PC gamers won't pay to play Xbox Live games online, and console owners are FURIOUS
My Twitter mentions are an apocalyptic wasteland this morning thanks to one Major Nelson and the wrath of hundreds of angry console users. Here's what happened.
On Wednesday, Xbox head Phil Spencer gave a talk about how Microsoft wants to bring the PC and Xbox platforms closer together. This included some references to the company's latest attempts to bring Xbox Live to PC—something Spencer swears isn't Games for Windows Live 2.0, but which PC users are understandably skeptical of.
PC users like myself. This is what I tweeted:
Xbox Live coming to Windows 10 sounds so gross. Do I need to pay for it? What is this?— Hayden Dingman (@haydencd) March 4, 2015
And then I moved on. I didn't think anything of it until I pulled open my mentions later that day and saw this reply from Microsoft's Larry Hyrb, commonly known as Major Nelson:
@haydencd Not charging. Xbox Live Gold will not be required for online multiplayer gaming using our service on Windows 10 PCs and Phones— Larry Hryb (@majornelson) March 5, 2015
That's "great news" for PC users! And by great news I mean it's the only course of action available to Microsoft—with the PC as an open platform, there's no way the Windows Store could possibly compete with Steam, Origin, GOG, or a plethora of other stores if it started gating multiplayer behind a paywall.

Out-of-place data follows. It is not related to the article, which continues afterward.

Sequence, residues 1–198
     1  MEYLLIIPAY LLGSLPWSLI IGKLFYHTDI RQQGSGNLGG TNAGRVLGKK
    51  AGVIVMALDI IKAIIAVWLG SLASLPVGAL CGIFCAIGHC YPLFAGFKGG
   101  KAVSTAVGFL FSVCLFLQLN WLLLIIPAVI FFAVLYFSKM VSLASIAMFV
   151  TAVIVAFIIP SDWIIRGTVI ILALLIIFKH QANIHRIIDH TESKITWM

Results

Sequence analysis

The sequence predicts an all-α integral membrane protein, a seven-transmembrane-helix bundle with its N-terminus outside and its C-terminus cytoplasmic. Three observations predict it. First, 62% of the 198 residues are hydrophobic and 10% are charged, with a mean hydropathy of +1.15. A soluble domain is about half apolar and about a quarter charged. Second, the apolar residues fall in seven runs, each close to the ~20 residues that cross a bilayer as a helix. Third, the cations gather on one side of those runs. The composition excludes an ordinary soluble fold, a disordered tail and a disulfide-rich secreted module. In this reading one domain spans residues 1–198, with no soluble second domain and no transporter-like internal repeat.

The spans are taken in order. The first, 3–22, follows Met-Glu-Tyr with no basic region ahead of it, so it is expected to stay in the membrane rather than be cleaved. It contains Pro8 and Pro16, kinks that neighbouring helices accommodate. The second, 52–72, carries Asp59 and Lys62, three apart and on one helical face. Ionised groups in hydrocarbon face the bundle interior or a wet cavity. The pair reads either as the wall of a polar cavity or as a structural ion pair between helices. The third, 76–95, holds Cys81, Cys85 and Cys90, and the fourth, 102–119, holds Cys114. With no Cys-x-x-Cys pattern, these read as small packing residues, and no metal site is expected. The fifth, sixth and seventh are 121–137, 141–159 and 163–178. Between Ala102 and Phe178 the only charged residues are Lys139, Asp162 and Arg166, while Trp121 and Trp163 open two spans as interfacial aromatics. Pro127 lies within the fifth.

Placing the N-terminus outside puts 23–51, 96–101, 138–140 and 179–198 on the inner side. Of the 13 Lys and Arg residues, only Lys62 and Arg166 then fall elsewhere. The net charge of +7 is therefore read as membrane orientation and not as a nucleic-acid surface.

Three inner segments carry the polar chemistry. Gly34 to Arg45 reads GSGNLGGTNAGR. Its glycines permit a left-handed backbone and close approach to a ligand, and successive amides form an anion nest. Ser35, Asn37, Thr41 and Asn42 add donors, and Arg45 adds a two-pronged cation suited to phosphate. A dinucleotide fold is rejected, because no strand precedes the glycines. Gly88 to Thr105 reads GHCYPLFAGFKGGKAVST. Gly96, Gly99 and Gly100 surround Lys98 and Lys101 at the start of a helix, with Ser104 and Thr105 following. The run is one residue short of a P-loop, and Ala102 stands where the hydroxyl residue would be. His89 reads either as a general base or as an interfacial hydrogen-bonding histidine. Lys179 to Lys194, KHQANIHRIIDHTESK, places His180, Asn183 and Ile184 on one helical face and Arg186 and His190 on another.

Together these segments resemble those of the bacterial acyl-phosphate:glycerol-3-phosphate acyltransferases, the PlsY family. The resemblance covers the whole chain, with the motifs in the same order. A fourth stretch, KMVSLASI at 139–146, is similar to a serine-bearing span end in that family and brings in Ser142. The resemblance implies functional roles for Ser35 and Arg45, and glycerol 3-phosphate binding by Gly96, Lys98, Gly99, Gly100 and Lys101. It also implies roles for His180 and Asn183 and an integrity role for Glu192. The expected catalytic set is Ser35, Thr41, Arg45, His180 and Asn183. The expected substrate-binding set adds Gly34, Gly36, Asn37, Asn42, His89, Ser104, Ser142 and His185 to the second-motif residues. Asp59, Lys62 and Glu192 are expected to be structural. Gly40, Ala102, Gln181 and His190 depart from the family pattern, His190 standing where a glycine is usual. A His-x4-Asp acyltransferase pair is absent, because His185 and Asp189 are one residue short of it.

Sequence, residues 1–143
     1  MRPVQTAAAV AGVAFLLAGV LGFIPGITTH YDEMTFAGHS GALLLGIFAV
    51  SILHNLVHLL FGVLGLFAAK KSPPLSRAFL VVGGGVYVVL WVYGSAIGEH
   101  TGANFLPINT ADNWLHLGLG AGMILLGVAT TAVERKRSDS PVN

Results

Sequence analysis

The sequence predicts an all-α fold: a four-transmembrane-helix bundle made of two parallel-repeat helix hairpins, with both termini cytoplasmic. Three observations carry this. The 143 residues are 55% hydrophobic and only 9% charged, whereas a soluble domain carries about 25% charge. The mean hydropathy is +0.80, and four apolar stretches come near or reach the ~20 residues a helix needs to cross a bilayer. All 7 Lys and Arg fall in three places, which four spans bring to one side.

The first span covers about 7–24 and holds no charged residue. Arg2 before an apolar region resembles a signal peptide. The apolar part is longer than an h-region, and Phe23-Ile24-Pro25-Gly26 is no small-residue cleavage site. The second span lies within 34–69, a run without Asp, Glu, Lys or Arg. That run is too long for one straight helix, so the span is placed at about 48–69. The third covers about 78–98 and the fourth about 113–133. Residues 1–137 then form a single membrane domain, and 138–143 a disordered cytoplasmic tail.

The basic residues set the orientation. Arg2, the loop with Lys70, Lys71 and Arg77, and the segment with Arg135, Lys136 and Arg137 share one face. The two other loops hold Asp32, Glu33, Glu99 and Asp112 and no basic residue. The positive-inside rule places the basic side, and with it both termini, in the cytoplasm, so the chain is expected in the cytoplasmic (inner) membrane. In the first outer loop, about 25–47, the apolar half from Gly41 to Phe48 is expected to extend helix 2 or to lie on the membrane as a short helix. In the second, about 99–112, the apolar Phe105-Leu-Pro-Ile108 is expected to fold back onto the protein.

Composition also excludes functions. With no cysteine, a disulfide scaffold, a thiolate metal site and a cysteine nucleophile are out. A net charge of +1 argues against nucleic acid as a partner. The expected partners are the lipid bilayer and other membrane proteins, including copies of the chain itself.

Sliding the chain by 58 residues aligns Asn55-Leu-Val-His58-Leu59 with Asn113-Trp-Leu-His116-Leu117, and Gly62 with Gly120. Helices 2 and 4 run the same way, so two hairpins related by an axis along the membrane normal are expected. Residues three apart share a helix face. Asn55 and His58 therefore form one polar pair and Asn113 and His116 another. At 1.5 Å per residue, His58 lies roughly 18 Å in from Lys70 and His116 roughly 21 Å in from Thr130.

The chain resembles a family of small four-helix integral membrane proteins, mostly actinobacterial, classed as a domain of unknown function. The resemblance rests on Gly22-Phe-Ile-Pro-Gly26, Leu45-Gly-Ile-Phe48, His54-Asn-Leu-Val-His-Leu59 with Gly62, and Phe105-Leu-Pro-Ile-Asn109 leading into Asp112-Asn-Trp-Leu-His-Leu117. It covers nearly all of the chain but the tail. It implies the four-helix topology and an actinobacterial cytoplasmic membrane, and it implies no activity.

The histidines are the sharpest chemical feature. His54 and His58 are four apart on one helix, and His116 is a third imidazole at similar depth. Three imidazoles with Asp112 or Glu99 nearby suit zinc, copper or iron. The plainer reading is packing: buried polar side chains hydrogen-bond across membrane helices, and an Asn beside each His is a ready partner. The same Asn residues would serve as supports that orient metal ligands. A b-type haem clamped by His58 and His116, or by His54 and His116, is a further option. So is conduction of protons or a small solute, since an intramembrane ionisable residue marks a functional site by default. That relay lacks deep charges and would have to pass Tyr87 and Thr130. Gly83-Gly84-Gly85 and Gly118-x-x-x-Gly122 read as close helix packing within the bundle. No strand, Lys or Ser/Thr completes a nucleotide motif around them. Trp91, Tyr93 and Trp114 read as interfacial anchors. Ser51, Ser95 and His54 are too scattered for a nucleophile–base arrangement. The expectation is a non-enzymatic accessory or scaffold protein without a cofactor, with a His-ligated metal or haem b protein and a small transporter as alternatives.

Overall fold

What I didn't count on was anger in the opposite direction, a.k.a. from console users who now feel like they're being stabbed in the back. Paying for Xbox Live Gold has always been a thorny subject, but over the course of ten years it seems like the volume of complaints has subsided. People got used to it, entertainment apps were recently moved out from behind the wall, and Sony started charging for PlayStation Plus, bringing the two systems into parity.
But then some console users found Hyrb's tweet and started spreading it. That's when things got out of control:
You heard it here first: Steam isn't as good as Xbox Live, and that's why it's been free all this time.
I don't know what'll happen. Microsoft charging for Gold has been ridiculous for a while now—basically since its incarnation—but I doubt a bunch of angry Twitter users are going to change that policy. You never know, though...